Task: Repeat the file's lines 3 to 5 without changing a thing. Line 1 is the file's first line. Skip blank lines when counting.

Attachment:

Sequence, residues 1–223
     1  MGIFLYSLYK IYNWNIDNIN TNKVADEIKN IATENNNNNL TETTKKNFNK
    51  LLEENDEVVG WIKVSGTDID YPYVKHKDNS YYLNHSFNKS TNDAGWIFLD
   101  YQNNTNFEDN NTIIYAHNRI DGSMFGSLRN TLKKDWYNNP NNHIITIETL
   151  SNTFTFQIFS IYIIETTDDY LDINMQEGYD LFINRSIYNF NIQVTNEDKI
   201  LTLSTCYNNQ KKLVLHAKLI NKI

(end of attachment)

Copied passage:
    51  LLEENDEVVG WIKVSGTDID YPYVKHKDNS YYLNHSFNKS TNDAGWIFLD
   101  YQNNTNFEDN NTIIYAHNRI DGSMFGSLRN TLKKDWYNNP NNHIITIETL
   151  SNTFTFQIFS IYIIETTDDY LDINMQEGYD LFINRSIYNF NIQVTNEDKI